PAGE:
In theory, the prospect is fantastic. The problem with building these illuminating pictures is that data and insight are often only common between the two most direct links at any portion along the demand chain. Cases of reprehensible bookkeeping aside, each player in such a transaction knows, by definition, the quantity and price of the transactions completed between them. The grocery store knows it bought a case of soda for $5 and sold it for $6. The soda distributor knows it bought the case for $4 and sold it for $5, and so on. Each player can formulate certain guesses as to how the world looks beyond its own buy-and-sell activity through analysis of pricing and demand trends, or simply asking the right questions in the right setting. The question is, is anyone truly motivated to share beyond that?
"Visibility is going to help grow the piece of the pie for both of them, because the customer is going to be more satisfied," Creighton says. Yet miscalculations in manufacturing or
distribution inventory have long presented opportunities for players further down the demand chain to flex their buying muscle and obtain attractive discounts. Why share more information than necessary if it flies in the face of self-interest?
"Of course if you're a buyer, you want inefficiencies from the supplier, because you get better prices," Hagen says.
The decision will rarely be a slam-dunk, he contends, but the advantages of having full understanding of when peaks in demand are likely to occur benefit all concerned, so that the demand can be profitably and thoroughly satisfied.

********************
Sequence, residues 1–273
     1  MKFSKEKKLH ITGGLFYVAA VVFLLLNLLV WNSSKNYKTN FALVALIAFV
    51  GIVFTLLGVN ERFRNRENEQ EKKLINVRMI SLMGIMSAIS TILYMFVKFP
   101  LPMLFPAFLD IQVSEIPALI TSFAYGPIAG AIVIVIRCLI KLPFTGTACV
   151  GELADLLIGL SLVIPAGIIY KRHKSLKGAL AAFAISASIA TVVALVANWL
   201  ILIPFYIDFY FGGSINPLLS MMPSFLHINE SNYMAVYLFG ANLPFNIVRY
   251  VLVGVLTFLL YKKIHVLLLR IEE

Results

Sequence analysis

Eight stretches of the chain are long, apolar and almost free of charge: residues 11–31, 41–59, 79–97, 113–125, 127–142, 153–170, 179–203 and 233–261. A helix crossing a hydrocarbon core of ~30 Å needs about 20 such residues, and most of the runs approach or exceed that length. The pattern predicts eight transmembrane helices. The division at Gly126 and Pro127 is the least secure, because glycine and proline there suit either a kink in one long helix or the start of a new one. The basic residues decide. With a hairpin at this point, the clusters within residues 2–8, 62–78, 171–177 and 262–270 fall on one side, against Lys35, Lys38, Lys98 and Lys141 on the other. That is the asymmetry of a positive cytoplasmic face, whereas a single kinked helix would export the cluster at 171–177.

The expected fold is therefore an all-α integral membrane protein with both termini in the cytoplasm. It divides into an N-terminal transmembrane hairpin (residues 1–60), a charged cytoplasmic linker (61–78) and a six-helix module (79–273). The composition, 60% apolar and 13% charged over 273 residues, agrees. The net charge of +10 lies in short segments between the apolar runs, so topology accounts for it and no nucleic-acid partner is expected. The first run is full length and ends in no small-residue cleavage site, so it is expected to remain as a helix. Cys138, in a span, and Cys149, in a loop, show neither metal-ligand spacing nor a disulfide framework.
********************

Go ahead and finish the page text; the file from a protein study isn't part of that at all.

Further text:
"The concept of B2B hasn't been as successful as many of us thought because it was the concept that communism would work, that all of the people in the supply and demand chain would openly and willingly share information," says Rick Tanler, president and CEO of Minneapolis, Minn.-based e.Intelligence, a predictive analysis software specialist.
Complete visibility is unlikely to occur, Tanler says, because it tends to disproportionately benefit the most powerful participants in a given demand chain, be they a monopolistic manufacturer, a juggernaut distributor or a ubiquitous retailer. "This is much more like bringing people together to play poker. I don't want to show you all my cards, and that's the process we have to be able to support."
Of course, everyone is looking for the win-win example. Operators near the top of a full-disclosure demand chain can use their insights to reinforce partner loyalty and satisfaction by alerting the group of potential opportunities or pitfalls identified in the market data. Langenfeld presents, as a hypothetical example, a car manufacturer and dealerships linked through demand chain visibility. If the manufacturer, through its own research as well as the trends it recognizes from dealership data, recognizes that interest is likely to shift from one vehicle to another, it can collaborate with the
dealerships with large inventories of the soon-to-be-